Crime

Vandals spray-paint WWI Memorial in KC with message about Peruvian prison revolts

Vandals spray paint Liberty Memorial dedication wall

Vandals spray painted the busts on the dedication wall of the Liberty Memorial in the early morning hours on Tuesday, June 18, 2019.
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Vandals spray painted the busts on the dedication wall of the Liberty Memorial in the early morning hours on Tuesday, June 18, 2019.

Police are looking for two people who vandalized the Dedication Wall of the National WWI Museum and Memorial in Kansas City early Tuesday.

The vandals struck about 1 a.m. at the Liberty Memorial at 2 Memorial Drive, when two people were seen spray-painting graffiti on the wall, which is located on the northern edge of the Museum and Memorial Grounds near Pershing Road.

A witness told police that the vandals sprayed in red paint the words “Glory to the fallen martyrs . . .” before running away. The graffiti appears to reference the June 1986 prison revolts in Peru where 250 inmates died.

The Dedication Wall holds the bronze busts of the five Allied leaders — Gen. Baron Jacques of Belgium, Gen. Armando Diaz of Italy, Marshal Ferdinand Foch of France, Gen. John J. Pershing of the United States, and Sir Admiral Earl David Beatty of Great Britain — present during the site dedication on Nov. 1, 1921.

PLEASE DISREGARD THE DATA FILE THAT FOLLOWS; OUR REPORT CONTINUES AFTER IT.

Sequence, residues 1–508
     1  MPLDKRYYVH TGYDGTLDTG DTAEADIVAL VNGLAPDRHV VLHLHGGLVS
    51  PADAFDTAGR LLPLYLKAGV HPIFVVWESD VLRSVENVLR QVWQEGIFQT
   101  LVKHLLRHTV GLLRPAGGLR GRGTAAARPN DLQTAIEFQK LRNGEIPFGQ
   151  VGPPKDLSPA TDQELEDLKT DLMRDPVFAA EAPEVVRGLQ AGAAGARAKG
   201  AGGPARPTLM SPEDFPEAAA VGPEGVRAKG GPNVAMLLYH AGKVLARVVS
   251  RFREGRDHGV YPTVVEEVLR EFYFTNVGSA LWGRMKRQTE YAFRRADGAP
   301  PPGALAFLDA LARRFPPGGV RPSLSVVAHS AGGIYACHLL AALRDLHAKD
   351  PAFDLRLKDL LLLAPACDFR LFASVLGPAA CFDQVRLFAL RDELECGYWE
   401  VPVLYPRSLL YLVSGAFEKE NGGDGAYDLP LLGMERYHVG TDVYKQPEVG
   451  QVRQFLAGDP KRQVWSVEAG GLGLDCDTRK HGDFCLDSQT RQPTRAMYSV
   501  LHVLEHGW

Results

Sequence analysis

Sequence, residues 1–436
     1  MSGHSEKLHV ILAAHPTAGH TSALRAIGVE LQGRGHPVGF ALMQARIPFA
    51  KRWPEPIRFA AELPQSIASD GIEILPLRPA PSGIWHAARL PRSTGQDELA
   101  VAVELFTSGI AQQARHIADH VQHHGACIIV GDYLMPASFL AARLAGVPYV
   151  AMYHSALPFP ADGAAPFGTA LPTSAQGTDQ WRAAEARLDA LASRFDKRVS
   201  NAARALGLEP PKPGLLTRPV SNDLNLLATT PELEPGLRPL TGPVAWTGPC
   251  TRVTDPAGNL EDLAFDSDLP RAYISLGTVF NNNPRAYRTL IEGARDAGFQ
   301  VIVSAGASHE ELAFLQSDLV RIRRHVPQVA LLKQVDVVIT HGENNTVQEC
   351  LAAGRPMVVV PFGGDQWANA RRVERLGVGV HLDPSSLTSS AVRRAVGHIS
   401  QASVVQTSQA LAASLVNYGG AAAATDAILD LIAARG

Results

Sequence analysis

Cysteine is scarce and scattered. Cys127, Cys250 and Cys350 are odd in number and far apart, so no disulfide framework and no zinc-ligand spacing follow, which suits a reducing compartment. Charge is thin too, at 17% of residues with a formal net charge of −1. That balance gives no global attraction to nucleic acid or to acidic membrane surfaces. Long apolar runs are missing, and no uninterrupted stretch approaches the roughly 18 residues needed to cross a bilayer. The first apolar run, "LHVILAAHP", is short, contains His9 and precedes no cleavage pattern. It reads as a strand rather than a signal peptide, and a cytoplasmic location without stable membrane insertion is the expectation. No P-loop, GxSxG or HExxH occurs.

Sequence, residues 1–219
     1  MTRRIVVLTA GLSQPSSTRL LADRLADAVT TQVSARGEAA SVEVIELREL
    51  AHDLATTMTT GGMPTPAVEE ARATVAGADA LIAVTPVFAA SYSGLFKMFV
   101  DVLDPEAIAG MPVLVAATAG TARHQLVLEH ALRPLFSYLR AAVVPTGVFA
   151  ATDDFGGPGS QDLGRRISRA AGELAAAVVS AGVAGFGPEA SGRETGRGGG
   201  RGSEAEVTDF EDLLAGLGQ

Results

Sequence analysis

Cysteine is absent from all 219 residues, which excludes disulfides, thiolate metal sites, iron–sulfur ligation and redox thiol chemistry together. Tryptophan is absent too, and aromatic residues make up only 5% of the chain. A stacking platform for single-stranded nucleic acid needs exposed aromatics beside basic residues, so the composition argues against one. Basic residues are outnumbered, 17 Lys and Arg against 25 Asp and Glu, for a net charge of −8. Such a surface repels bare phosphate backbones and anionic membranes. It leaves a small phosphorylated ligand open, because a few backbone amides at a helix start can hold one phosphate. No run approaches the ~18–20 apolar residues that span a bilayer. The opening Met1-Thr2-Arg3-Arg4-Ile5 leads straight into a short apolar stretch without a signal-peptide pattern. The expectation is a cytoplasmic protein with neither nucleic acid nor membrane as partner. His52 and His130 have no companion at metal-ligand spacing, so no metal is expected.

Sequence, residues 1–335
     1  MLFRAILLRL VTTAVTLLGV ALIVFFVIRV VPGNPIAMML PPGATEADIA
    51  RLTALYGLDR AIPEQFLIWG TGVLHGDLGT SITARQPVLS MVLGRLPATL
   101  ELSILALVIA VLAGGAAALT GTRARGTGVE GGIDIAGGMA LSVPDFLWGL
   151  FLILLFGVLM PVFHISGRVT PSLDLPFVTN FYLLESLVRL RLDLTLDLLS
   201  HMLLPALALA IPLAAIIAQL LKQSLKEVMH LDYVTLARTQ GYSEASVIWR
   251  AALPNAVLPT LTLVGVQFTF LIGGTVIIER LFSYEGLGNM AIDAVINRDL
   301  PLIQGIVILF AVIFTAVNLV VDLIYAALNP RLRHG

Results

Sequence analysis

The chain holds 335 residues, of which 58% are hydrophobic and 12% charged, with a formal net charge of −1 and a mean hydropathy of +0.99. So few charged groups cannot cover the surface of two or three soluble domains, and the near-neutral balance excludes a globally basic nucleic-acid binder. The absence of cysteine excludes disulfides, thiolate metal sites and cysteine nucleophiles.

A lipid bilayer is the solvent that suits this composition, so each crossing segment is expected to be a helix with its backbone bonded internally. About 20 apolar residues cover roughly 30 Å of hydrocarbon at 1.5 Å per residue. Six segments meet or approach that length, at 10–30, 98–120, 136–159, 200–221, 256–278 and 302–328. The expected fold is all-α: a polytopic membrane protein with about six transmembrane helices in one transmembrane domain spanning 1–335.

In addition to the words, the vandals also spray-painted “Xs” across the leaders’ faces.

“The National WWI Museum and Memorial is America’s official World War I memorial,” said Mike Vietti, director of marketing, communications and guest services for the museum and memorial.

“There is no other in the entire United States, so obviously it is quite sacred. Anytime a national memorial is vandalized, it is obviously a tragedy.”

He referred all questions relating to the investigation to police.

Anyone with information about the vandalism is asked to call the TIPS Hotline at 816-474-TIPS (8477).

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Robert A. Cronkleton gets up very early in the morning to bring readers breaking news about crime, transportation and weather at the crack of dawn. He’s been at The Star since 1987 and now contributes data reporting and video editing.
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